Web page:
Mahmoud was sleeping soundly. It was after 1 A.M., and suddenly somebody was picking him up from his bed. He’s 14, a ninth-grader, and he was sure his mother was waking him up for school. At the same time, he was shocked that his mother could pick him up; he’s heavy for his age. “Mom is too weak to carry me,” he told us this week with a half-smile in the tiny living room of his home in the Al-Arroub refugee camp between Bethlehem and Hebron.
A few more seconds went by before he realized what was happening. Soldiers had broken into his house and grabbed him from bed; he was being taken outside handcuffed and blindfolded. The next day the soldiers returned and arrested his older brother.
One son is already in the grave. We had been in this house two years ago, after Omer Mahdi was shot and killed by an IDF sharpshooter firing from a fortified guard tower at stone-throwers on the road near the camp’s cemetery. Omer wasn’t yet 16 when he died. This was the house where his parents, sisters and brothers mourned him.
Two weeks ago, the soldiers came back to abuse this bereaved family. They grabbed Mahmoud out of bed, there’s no other way to describe it. They said they were looking for Mohammed, but there’s no one by that name in the family. Maybe that’s why they took the 14-year-old with them – just in case. The next day the soldiers came back in the dead of night and arrested his brother, Khader, 20.
To reach his house, we ask where “the house of the shahid” (martyr) is. Photos of the late Omer adorn the living room walls. Drawings of him also appear in graffiti on the walls of the houses in the alley leading to the house.
Omer was killed on February 10, 2016. His mother introduces herself at the door as “the mother of the shahid.” She says she has six sons and two daughters, including Omer of course. “Omer is still here,” she says.
Na’ama Mahdi is 53. Her husband, Yusef, who is a year older, was an employee of the Bethlehem municipality before he went blind in one eye.
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Mahmoud was arrested before, about a year ago, despite his age, and in another incident he was wounded by a rubber bullet in the forehead. Four of the Mahdi children have been arrested at some time. Moatasem, the eldest son at 25, was seriously hurt a few years ago when he was shot by soldiers; he still suffers from that wound. In this overcrowded and impoverished refugee camp, this is the lot of many families.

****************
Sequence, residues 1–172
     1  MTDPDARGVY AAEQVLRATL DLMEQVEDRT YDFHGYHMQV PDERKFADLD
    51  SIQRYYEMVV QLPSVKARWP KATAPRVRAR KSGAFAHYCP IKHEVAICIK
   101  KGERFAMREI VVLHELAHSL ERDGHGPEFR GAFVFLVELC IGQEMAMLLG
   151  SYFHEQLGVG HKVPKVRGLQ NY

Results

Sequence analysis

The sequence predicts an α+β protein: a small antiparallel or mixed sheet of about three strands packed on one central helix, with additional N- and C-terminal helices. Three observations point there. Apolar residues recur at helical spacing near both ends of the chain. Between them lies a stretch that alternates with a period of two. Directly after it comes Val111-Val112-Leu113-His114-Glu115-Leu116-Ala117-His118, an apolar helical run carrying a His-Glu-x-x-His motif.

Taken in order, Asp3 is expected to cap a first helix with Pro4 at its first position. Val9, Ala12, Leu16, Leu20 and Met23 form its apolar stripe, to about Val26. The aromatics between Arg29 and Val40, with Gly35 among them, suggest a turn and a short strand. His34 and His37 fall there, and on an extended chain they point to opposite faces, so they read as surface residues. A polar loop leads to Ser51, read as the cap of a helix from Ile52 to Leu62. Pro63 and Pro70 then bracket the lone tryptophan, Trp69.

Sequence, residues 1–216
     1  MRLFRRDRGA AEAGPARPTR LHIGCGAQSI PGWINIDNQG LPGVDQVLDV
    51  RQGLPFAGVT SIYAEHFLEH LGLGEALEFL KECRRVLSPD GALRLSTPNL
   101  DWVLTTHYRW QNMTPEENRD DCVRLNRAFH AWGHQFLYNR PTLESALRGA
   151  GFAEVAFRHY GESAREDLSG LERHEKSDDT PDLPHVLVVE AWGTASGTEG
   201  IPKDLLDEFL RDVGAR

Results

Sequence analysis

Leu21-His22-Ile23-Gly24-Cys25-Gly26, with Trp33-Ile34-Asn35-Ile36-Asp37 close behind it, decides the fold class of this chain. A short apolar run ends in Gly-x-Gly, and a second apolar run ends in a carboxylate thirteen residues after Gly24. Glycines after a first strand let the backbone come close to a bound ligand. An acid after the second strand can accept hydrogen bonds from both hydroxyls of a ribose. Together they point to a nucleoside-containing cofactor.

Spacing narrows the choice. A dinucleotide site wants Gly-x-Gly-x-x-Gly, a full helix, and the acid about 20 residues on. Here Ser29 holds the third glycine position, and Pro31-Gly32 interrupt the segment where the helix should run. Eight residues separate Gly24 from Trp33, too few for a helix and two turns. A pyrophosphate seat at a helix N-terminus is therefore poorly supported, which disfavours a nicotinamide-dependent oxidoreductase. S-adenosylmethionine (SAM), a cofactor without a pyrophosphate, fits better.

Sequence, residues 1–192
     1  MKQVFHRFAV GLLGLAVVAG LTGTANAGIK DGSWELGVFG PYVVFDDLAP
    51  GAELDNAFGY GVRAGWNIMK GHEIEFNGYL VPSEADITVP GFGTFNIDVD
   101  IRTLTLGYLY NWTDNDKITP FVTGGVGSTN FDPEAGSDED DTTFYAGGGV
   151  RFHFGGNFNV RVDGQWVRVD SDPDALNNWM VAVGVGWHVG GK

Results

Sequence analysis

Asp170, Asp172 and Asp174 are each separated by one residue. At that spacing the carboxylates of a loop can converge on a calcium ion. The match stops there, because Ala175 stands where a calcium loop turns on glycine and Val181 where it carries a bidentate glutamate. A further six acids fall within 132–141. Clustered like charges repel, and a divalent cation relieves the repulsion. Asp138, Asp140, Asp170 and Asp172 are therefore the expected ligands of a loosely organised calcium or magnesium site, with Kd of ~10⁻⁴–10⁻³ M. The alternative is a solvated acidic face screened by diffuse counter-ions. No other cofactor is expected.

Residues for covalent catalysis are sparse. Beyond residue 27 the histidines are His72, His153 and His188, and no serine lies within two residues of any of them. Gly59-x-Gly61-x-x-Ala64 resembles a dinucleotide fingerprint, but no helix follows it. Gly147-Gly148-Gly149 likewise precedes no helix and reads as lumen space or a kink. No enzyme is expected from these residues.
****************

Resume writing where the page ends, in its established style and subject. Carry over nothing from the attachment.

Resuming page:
On Saturday night two weeks ago, March 31, Passover for the Jews, Na’ama heard a loud noise from the street. It was late, but she was still awake. A veteran of the Israeli army’s brutal nighttime raids, she quickly gathered a few of the family’s phones and stuffed them deep into her bra. The soldiers knocked hard at the door and threatened to break it down if necessary. Na’ama quickly opened up. Khader, who had not yet fallen asleep, woke up his two sisters. The soldiers came in and spread out in all the rooms of the two-story house.
They took Khader to the roof after he asked them angrily what they wanted. His mother says she was afraid the soldiers would kill him and say he had attacked them with a knife. Haba, the Mahdis’ 28-year-old daughter, secretly filmed the soldiers on her phone. The video shows the masked soldiers crowding into the little house, which was filled to capacity. There’s no violence, just harsh exchanges. From time to time, weeping could be heard.
When they brought Khader down from the roof, he told the soldiers, “If you want to arrest me, arrest me, but leave the rest of the family alone.” According to his mother, a man in civilian clothing, apparently a Shin Bet security service agent who accompanied the soldiers, said, “We’ll get to you, but not today.” The soldiers asked the father, Yusef, for his ID card and he told them that the last time they had come to the house and arrested Khader, more than a year before, they had taken his ID and not returned it. At that time, Khader was sentenced to nine months in prison for various offenses.
Now they asked about Mohammed. The parents explained that they didn’t have a son named Mohammed. They asked for the mother’s ID. She said she was having trouble moving around the house because of all the soldiers and rifles. She went upstairs to get her ID and when she came down she saw a solider holding Mahmoud, whom the soldiers had woken up.
“They picked me up from the bed and told me to stand up.” Mahmoud says. “A soldier pinned my arms behind my back. The soldier shouted at my father to get his ID, and I tried to tell him to ‘take it easy, slow down.’”